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DBL%20Hendrix%20small.png College chemistry, 1983

Derek Lowe The 2002 Model

Dbl%20new%20portrait%20B%26W.png After 10 years of blogging. . .

Derek Lowe, an Arkansan by birth, got his BA from Hendrix College and his PhD in organic chemistry from Duke before spending time in Germany on a Humboldt Fellowship on his post-doc. He's worked for several major pharmaceutical companies since 1989 on drug discovery projects against schizophrenia, Alzheimer's, diabetes, osteoporosis and other diseases. To contact Derek email him directly: Twitter: Dereklowe

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February 11, 2008

Fast Plaques in a Slow Disease

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Posted by Derek

One of the first projects I ever worked on when I started in industry was targeting Alzheimer's disease. Things could have easily worked out to find me still targeting Alzheimer's disease, nearly twenty years later, because the standard of care really hasn't advanced all that much in the intervening years.

It's a hard, hard area to work in. CNS programs are always difficult, since we understand less about the brain's workings than those of any other organ, and since the brain's own blood supply is another barrier to getting a drug through to do anything. And Alzheimer's has tough features on top of that, since (for one thing) we're the only animal that gets the disease, and (for another) the clinical trials needed to show efficacy can be hideously long, large, and expensive. And the underlying biochemistry has been a tangle, too: I've said for years that if you'd told me back in 1990 that people would still be arguing in 1999 (or 2002, or 2007. . .) about whether amyloid caused Alzheimer's or not, that I probably would have buried my head in my hands.

Well, it's 2008, and the arguments may finally get settled. There's a report in Nature from a group at Harvard who did an experiment that's simultaneously brute-force and elegant. The elegant part was the monitoring live brain cells in mutant mice as amyloid protein deposited among them - and the brute force part was that this monitoring involved surgically implanting a small window into their skulls to do it.

What they found was that the characteristic amyloid plaques of Alzheimer's can form startlingly quickly - on a time scale of hours. This is beyond what anyone had suspected, for sure. And the further pathologies (microglia, etc.) that form around the plaques definitely come later, settling a long-standing dispute. There's always the worry that the mouse model (which was engineered to develop amyloid within the brain) might not reflect the human disease, but this is pretty compelling (and alarming) stuff.

If this is even close to what's going on in humans, a therapy that tries to prevent amyloid formation or deposition is going to have some real work to do. We'll be finding that out, though, and good luck to everyone involved. . .

Comments (6) + TrackBacks (0) | Category: Alzheimer's Disease | The Central Nervous System


1. QE on February 11, 2008 10:21 AM writes...

Longitudinal in vivo multiphoton microscopy - wow

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2. MTK on February 11, 2008 3:15 PM writes...

Alzheimer's only exists in humans?

I don't know anything about the field, but I guess that's reasonable in the sense that it's about loss of higher mental capabilities which may be tough to lose if a mouse or other animal never had them to begin with.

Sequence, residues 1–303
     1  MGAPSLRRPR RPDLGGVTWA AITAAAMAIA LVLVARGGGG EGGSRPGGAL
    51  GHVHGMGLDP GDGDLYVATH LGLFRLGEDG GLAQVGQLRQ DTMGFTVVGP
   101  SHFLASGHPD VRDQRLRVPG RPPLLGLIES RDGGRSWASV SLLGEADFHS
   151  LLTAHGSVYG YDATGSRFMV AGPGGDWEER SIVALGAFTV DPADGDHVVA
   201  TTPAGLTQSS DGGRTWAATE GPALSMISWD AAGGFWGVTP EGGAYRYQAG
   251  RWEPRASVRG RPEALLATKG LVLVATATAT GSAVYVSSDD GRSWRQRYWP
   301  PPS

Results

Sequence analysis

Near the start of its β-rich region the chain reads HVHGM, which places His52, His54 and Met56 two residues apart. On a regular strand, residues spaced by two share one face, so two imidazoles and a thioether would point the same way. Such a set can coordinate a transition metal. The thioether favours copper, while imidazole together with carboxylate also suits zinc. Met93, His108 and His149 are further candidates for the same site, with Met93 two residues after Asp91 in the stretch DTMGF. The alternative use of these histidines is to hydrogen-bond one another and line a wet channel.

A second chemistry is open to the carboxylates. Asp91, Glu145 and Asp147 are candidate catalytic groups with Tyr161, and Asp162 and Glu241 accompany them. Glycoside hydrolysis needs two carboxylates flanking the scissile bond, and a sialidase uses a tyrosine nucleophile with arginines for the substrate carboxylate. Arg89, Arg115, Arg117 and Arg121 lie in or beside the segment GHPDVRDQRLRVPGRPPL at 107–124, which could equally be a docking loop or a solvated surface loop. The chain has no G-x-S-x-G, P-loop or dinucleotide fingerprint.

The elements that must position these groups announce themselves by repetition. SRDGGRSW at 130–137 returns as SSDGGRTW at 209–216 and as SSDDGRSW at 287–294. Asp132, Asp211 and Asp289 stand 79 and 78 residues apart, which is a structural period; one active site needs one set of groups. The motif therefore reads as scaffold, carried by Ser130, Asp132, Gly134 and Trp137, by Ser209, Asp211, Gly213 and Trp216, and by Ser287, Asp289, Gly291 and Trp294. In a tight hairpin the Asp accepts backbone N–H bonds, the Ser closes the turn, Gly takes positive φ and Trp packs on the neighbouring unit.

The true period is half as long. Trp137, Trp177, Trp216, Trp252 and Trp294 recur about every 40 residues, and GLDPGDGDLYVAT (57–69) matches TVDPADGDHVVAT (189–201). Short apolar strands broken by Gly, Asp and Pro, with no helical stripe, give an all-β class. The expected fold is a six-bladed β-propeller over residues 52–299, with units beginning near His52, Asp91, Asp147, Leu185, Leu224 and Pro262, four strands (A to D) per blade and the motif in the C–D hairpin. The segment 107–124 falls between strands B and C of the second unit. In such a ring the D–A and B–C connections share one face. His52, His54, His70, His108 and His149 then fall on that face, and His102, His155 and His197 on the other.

Like I said I don't anything about the field, but I guess what you would need is a mouse strain that would forget how to get to the cheese at the end of the maze as it aged. Of course, even if you accomplished that it may be tough to relate that to the human condition, huh?

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3. milkshake on February 11, 2008 4:27 PM writes...

did you see that one piece of info on a patient who had a dramatic and instant (but only a temporary) recovery from Alzheimer when injected with anti-TNF antibody into his spinal canal?

It is quite possible that the plaques trigger slow brain inflammation process, mediated by microglial cell - which are the actual damaging agent.

Also plaqus are found in many brains of elderly people who do not manifast symptoms of Alzheimer. There is a patologist doing autopsy studies on brains of nuns (nuns are as close to controled environment people as possible, with perfectly documneted medical history). He found out that typically the nuns that had plaques combined with vascular disease (with signs of microscopic strokes) had symptoms of Alzheimer. Those that had only plaques often stayed mentally sharpall the way to their 90s.

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4. NJBiologist on February 11, 2008 6:57 PM writes...

MTK: Difficult to relate to humans, but even more difficult to do differential diagnosis. C3H mice will have trouble finding the cheese as they age, but that's because they get macular degeneration and have trouble navigating as they age. Even if you pin the pathology on the brain, you have to distinguish from things like multi-infarct dementia; I haven't heard about that in mice, but I'm pretty sure monkeys get it.

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5. MTK on February 11, 2008 10:40 PM writes...

Thanks NJBiologist. That's what I figured. I guess until a reliable validated biomarker is found it's going to be darn tough.

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6. Anonymous BMS Researcher on February 15, 2008 7:56 AM writes...

While I can't go into any details of how BMS is working on Alzheimer's, I doubt it comes as much of a surprise to readers of this blog that (1) we're working on this disease and (2) it is a challenge to say the least -- and we haven't even got to the HARD parts yet.

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